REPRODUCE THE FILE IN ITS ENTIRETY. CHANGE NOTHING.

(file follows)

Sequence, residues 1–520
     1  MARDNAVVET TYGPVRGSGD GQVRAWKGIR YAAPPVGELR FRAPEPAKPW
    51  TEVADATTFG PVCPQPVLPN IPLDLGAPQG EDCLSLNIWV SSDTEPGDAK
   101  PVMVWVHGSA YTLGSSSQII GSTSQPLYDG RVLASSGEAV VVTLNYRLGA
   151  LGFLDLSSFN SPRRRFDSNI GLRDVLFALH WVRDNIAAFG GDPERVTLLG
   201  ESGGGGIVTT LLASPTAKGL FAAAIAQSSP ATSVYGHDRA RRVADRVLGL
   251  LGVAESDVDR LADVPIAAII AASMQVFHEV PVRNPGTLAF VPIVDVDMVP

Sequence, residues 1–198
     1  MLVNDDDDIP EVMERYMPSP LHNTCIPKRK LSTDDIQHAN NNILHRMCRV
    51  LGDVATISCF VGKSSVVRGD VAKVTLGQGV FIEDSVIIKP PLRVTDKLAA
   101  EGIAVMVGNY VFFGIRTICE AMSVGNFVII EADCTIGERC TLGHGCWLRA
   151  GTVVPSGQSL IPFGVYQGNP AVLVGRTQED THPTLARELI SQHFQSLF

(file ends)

Sequence, residues 1–520
     1  MARDNAVVET TYGPVRGSGD GQVRAWKGIR YAAPPVGELR FRAPEPAKPW
    51  TEVADATTFG PVCPQPVLPN IPLDLGAPQG EDCLSLNIWV SSDTEPGDAK
   101  PVMVWVHGSA YTLGSSSQII GSTSQPLYDG RVLASSGEAV VVTLNYRLGA
   151  LGFLDLSSFN SPRRRFDSNI GLRDVLFALH WVRDNIAAFG GDPERVTLLG
   201  ESGGGGIVTT LLASPTAKGL FAAAIAQSSP ATSVYGHDRA RRVADRVLGL
   251  LGVAESDVDR LADVPIAAII AASMQVFHEV PVRNPGTLAF VPIVDVDMVP

Sequence, residues 1–198
     1  MLVNDDDDIP EVMERYMPSP LHNTCIPKRK LSTDDIQHAN NNILHRMCRV
    51  LGDVATISCF VGKSSVVRGD VAKVTLGQGV FIEDSVIIKP PLRVTDKLAA
   101  EGIAVMVGNY VFFGIRTICE AMSVGNFVII EADCTIGERC TLGHGCWLRA
   151  GTVVPSGQSL IPFGVYQGNP AVLVGRTQED THPTLARELI SQHFQSLF